Paul encourages believers to have a Christ-like attitude. Christians should rejoice always. No matter what happens, God wants us to rejoice recognizing that He is in control of all our circumstances. He is our Lord and nothing can separate us from His love (Rom 8:38-39). God works all things for his glory and our good (Rom 8:28). We can rejoice that God has a purpose in mind for whatever we are going through (2 Cor 12:10). God has given His Word so that our joy may be full (John 15:11; 1 John 1:4). Apostles rejoiced that they were counted worthy to suffer for Christ (Acts 5:41). They were sorrowful, yet always rejoicing and making many spiritually rich (2 Cor 6:10). We are commanded to rejoice always in the Lord (Phil 4:4). Christians should pray without ceasing (5:17). Prayer is our lifeline to God. God is not indifferent towards the object or manner of our prayer. We should pray to God through Christ in the Spirit (Mat 6:9; John 14:13-14; Jude 20). God’s ears are opened to our prayers (Palms 34:15). Christians should be a thankful people for this is the will of God in Christ Jesus (5:16-18). Give thanks in all circumstances. No matter what happens, God wants us to be thankful. It is the highest exercises of memory (Psalms 103:1-3). Thankful people are joyful people. It is the antidote for worry (Psalms 50:23; Phi 4:6). It is a sin not to be thankful (Rom 1:21). Praising God is the music of our soul. Thanksgiving does exalt and adore God for who he is and what he has done. It encourages and energizes believers (Psalms 147). One of the marks of last days is ingratitude (2 Tim 3:2). God does not merely tell us what to do; he also change our will so that we want to do what he desires. Pray that God would increase our desire to serve him.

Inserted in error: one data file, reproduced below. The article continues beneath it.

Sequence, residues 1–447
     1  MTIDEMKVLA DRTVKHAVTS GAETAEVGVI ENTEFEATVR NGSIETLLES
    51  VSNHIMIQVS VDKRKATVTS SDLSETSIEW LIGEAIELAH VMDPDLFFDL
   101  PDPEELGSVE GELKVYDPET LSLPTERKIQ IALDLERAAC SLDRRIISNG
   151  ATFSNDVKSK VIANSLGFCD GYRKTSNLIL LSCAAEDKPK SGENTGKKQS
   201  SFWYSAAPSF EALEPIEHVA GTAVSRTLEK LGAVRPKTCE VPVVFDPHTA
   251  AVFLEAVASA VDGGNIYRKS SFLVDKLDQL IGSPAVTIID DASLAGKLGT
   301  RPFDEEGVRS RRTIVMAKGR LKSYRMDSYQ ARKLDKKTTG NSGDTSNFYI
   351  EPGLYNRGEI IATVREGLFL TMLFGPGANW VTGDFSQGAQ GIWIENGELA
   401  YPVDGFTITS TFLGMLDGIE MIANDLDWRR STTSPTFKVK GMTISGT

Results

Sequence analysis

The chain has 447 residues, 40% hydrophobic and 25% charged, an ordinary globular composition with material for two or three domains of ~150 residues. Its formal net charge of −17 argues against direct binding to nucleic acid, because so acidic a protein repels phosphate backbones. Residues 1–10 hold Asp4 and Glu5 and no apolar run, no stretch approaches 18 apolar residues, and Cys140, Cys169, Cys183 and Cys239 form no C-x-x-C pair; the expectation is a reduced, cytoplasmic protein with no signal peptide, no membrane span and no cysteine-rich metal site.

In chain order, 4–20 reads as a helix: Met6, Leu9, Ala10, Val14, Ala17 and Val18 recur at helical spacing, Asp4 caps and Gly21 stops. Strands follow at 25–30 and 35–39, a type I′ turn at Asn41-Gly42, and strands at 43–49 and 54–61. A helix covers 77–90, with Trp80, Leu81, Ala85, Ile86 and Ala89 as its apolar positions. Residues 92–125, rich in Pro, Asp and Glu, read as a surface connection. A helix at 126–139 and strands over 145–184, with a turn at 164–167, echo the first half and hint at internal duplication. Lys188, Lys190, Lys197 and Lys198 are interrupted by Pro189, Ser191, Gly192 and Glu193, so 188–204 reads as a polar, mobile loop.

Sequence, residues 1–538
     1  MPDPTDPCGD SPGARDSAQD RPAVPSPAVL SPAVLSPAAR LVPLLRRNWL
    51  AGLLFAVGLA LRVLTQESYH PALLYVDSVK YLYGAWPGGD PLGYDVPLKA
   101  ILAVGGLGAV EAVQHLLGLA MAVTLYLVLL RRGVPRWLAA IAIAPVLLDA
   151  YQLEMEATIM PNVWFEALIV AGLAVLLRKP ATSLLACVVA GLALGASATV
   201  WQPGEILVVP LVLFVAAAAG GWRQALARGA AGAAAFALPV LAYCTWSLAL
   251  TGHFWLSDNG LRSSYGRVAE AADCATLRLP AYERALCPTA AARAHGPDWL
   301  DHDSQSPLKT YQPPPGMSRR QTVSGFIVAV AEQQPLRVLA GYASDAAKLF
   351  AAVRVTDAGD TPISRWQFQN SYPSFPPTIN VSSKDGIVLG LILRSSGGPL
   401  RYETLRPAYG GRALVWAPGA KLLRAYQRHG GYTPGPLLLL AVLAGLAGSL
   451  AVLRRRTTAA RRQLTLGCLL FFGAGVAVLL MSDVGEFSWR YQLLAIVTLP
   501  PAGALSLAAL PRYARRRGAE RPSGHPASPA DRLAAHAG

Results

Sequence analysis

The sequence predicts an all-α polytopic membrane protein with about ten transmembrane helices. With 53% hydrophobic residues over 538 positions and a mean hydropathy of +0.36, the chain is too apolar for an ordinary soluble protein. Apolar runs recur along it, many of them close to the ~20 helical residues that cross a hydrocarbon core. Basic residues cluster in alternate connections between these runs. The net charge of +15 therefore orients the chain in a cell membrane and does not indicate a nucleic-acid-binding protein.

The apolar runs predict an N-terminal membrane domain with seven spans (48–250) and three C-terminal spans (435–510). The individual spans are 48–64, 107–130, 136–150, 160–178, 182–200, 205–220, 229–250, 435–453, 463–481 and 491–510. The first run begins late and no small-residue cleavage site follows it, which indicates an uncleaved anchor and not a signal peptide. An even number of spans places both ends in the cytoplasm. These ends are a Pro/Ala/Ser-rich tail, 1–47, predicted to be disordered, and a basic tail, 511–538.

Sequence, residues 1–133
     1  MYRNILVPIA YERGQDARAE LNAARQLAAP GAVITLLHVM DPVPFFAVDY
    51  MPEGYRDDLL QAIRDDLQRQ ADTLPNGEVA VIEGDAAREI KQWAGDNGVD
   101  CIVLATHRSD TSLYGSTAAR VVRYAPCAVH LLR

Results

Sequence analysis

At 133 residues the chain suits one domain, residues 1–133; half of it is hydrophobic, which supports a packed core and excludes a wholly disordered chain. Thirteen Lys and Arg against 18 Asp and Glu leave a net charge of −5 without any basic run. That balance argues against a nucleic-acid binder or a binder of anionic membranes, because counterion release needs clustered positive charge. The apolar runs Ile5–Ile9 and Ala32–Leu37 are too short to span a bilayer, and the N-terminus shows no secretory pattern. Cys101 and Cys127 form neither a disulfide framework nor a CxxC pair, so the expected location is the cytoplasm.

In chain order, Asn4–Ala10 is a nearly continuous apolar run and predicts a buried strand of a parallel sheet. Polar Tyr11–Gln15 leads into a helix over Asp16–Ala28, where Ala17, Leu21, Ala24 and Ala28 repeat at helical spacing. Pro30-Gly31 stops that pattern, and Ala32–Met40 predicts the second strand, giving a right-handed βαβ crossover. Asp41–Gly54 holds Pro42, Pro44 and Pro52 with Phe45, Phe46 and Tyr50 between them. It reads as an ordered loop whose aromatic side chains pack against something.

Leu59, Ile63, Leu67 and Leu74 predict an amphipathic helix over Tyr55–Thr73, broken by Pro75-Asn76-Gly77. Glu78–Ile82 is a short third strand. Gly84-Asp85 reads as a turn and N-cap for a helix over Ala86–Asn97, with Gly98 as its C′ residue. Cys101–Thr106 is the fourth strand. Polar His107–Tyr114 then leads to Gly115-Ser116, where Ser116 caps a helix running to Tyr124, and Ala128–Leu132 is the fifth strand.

Paul’s Warnings: 5:19-22.